To create this mapping of UI elements, we need to add the following declaration:

ui: { quantity: "#quantity" saveButton : "#Save" },

And to make use of these mapper UI elements, we just need to refer them inside any function by the name given in the configuration.

validateQuantity: function() { if (this.ui.quantity.val() > 0 { this.ui.saveButton.addClass('active'); } }

There will be times when you need to pass a different template to your view. To do this in Marionette, we remove the template declaration and instead add a function called getTemplate.

The following code snippet would illustrate the use of this function:

getTemplate: function(){ if (this.model.get("foo"){ return "#sample-template"; }else { return "#a-different-template"; } },

In this case, we check the existence of the property foo; if it’s not present, we use a different template and that will be it. You don’t need to specify the render function because it will work the same way as declaring a template variable as seen in one of the previous examples.

If you want to learn more about all the concepts that we have discussed so far, please refer to the jsFiddle link: http://jsfiddle.net/rayweb_on/NaHQS/.

If you find yourself needing to make calculations involving a complicated process while rendering a value, you can make use of templeteHelpers that are functions contained in an object called templateHelpers. Let’s look at an example that will illustrate its use better.

Suppose we need to show the value of a book but are offering a discount that we need to calculate, use the following code:

var PriceView = Backbone.Marionette.ItemView.extend({ template: "#price-template", templateHelpers: { calculatePrice: function(){ // logic to calculate the price goes here return price; } } });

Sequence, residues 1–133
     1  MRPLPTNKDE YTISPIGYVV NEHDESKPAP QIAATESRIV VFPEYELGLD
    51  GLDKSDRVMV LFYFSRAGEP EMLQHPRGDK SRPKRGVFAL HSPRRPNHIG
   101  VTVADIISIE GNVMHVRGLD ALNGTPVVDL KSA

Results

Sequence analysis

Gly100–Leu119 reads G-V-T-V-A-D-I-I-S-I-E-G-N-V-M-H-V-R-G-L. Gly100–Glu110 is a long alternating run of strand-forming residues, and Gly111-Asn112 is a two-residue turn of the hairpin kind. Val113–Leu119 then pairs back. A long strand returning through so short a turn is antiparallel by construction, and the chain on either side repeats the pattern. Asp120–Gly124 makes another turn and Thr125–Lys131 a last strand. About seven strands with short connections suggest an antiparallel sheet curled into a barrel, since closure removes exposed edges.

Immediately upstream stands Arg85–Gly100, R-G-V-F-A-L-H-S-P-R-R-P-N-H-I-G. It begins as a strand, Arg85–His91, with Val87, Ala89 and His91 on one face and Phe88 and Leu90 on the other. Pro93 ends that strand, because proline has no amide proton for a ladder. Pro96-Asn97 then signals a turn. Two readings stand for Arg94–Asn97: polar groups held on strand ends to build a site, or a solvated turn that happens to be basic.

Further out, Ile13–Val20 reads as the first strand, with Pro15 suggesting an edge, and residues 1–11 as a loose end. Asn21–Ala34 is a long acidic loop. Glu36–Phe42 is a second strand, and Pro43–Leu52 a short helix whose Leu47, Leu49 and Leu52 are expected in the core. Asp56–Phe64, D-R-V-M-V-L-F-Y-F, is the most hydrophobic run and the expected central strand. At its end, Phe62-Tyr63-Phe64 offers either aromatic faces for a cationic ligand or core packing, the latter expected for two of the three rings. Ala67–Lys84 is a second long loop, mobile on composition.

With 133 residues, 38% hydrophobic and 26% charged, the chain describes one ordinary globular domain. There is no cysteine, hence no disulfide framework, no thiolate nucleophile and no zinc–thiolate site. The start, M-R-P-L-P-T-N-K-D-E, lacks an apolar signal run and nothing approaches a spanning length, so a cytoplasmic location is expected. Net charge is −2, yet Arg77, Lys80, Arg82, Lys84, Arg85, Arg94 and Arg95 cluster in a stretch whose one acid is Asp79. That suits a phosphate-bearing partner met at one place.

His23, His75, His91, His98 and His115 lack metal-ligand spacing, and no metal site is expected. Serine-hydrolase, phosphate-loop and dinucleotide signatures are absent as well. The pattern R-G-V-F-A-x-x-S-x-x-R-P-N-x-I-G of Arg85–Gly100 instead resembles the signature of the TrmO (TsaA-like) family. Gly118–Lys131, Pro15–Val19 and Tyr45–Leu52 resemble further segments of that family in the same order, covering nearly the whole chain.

As you can see the in the previous code, we declared an object literal that will contain functions that can be called from the templates.


Rendering a list of things like books inside one view is possible, but we want to be able to interact with each item. The solution for this will be to create a view one-by-one with the help of a loop. But Marionette solves this in a very elegant way by introducing the concept of CollectionView that will render a child view for each of the elements that we have in the collection we want to display.

A good example to put into practice could be to list the books by category and create a Collection view. This is incredible easy.

First, you need to define how each of your items should be displayed; this means how each item will be transformed in a view.

For our categories example, we want each item to be a list

  • element and part of our collection; the
      list will contain each category view.

      We first declare ItemView as follows:

    var CategoryView = Backbone.Marionette.ItemView.extend({ tagName : 'li', template: "#categoryTemplate", });

    Then we declare CollectionView, which specifies the view item to use.

    var CategoriesView = Backbone.Marionette.CollectionView.extend({ tagName : 'ul', className : 'unstyled', itemView: CategoryView });

    A good thing to notice is that even when we are using Marionette views, we are still able to use the standard properties that Backbone views offer, such as tagName and ClassName.

    Finally, we create a collection and we instantiate CollectionView by passing the collection as a parameter.

    var categoriesView = new CategoriesView({collection:categories); categoriesView.render();

    And that’s it. Simple huh?